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Comments about ‘Tabernacle organ unique in its era’

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Published: Tuesday, March 29 2011 6:00 a.m. MDT

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Tracy Hall Jr
Provo Canyon, Utah

Long straight boards for the pipes, free from knots and resin, were provided by Robert Gardner, Jr. from a stand of tall yellow pine near Pine Valley, Utah, 34 miles north of St. George. Robert also supplied lumber for the St. George tabernacle and temple and the distinctive Pine Valley chapel.
(source: bit dot ly slash ftH9Tv)

Elder Jeffrey R. Holland and my late father-in-law, John Hale Gardner, are among Robert's thousands of descendants.

Before he was called by Brigham Young to help settle St. George, Robert and his brother Archie had a lumber operation in Mill Creek Canyon. One winter day Robert was climbing up the sliding place when someone sent down a log. It tore a 4 x 6-inch flap of flesh from his right leg, to the bone. He was helped down the canyon to Neff's Mill, where Orrin Porter Rockwell helped him pour whiskey and molasses in the wound. At Gardner's home, Rockwell put fine salt on bone and replaced the flap, then helped hold Robert while he stitched himself.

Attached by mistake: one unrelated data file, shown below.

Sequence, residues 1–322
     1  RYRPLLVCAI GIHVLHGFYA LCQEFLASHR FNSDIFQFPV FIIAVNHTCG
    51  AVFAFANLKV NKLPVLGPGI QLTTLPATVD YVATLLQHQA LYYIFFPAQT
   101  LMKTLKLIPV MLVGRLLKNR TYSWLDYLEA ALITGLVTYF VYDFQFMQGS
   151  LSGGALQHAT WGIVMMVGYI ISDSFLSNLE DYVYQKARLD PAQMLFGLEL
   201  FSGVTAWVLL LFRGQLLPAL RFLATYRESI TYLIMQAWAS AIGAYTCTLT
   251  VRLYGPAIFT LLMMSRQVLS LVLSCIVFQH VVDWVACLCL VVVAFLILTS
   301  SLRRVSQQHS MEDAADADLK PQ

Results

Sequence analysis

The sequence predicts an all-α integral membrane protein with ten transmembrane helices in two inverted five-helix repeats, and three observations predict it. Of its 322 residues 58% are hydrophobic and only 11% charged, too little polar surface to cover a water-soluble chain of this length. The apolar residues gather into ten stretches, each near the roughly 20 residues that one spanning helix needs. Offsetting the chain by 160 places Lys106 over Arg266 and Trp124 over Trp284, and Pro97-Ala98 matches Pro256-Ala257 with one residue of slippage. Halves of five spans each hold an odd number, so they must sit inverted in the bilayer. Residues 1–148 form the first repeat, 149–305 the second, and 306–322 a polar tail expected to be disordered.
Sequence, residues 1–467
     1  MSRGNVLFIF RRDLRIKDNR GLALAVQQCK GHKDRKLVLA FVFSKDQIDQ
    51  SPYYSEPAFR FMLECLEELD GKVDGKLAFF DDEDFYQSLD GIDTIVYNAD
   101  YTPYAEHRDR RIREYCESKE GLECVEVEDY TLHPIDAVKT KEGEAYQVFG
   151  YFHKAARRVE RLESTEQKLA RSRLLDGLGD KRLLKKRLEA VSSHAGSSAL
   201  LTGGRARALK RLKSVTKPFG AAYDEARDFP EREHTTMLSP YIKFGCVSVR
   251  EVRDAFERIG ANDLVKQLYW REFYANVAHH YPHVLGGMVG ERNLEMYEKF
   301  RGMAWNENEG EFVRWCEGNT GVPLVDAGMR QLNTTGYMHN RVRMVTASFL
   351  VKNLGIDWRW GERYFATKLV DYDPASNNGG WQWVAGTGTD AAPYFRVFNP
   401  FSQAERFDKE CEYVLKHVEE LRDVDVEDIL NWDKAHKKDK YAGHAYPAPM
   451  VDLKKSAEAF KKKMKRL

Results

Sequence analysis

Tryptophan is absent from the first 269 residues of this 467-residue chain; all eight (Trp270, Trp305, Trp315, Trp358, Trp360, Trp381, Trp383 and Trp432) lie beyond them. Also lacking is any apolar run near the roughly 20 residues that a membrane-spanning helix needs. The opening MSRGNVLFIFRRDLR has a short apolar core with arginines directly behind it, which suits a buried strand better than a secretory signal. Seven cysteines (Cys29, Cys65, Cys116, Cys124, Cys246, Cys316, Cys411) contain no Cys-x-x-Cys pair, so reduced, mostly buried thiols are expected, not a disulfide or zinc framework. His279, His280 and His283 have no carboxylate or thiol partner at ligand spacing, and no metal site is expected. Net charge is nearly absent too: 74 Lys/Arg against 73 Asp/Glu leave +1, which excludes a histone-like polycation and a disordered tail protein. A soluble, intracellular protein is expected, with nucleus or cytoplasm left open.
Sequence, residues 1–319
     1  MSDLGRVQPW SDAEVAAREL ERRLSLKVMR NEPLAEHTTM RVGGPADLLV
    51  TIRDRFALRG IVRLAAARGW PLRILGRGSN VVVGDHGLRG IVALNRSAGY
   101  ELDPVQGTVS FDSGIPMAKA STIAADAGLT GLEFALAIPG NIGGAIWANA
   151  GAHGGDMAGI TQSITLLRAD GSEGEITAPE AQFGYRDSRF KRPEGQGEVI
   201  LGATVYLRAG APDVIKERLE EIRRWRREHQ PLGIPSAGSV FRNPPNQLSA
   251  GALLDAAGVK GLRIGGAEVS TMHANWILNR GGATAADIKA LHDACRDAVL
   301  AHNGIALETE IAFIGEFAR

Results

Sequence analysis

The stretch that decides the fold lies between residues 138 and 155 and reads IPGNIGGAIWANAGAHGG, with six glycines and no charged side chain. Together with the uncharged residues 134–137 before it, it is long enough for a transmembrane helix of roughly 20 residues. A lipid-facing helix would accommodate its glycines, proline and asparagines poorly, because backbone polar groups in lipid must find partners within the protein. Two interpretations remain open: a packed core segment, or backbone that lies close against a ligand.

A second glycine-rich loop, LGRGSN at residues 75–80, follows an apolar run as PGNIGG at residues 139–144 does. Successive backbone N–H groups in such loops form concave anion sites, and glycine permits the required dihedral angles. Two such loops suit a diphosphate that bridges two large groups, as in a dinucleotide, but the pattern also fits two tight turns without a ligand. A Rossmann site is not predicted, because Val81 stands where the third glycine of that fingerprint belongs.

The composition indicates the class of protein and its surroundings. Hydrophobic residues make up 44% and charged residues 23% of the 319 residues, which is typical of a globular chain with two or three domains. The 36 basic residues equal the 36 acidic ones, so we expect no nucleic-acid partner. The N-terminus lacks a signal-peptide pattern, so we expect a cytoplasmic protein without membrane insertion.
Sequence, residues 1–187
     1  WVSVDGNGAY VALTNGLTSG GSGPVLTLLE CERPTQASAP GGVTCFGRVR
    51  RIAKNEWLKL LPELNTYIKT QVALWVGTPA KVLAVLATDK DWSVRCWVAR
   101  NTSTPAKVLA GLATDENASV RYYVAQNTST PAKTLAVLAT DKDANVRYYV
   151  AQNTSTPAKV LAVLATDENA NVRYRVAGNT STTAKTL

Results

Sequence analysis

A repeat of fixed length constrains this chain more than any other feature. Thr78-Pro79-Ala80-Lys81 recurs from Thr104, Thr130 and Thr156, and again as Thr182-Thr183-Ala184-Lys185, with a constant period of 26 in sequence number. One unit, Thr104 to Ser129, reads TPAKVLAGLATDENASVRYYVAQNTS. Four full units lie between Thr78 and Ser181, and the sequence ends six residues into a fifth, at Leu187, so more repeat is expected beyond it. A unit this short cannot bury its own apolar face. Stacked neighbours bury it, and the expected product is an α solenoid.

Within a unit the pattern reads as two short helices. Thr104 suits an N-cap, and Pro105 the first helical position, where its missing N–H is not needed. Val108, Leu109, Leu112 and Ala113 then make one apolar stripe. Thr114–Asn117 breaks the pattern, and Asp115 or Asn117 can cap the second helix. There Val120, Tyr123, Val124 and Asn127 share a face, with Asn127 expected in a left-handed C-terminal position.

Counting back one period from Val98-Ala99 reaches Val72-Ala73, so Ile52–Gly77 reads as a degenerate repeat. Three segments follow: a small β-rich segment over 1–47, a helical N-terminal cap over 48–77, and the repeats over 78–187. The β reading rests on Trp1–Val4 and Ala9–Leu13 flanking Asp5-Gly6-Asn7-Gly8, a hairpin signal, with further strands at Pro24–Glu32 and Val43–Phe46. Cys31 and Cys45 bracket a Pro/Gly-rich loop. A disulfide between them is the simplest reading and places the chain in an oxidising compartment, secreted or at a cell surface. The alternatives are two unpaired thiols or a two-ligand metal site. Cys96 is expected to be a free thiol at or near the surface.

(source: Robert's autobiography, 1884, 1980)

Tracy Hall Jr
hthalljr'gmail'com

Honest Abe
Salt Lake City, UT

An amazing instrument and a joy to listen!

RanchHand
Huntsville, UT

"However, Henrichsen noted that in the 1800s, when the restoration of the church unfolded," (you can't "restore" something that wasn't there to begin with. The LDS Church was Organized/Created in the 1800's, nothing more nothing less).

The organ is a beautiful instrument and lovely to listen to. At least the early Mormons didn't ban Music - that would have been just one too many tragedies among so many others.

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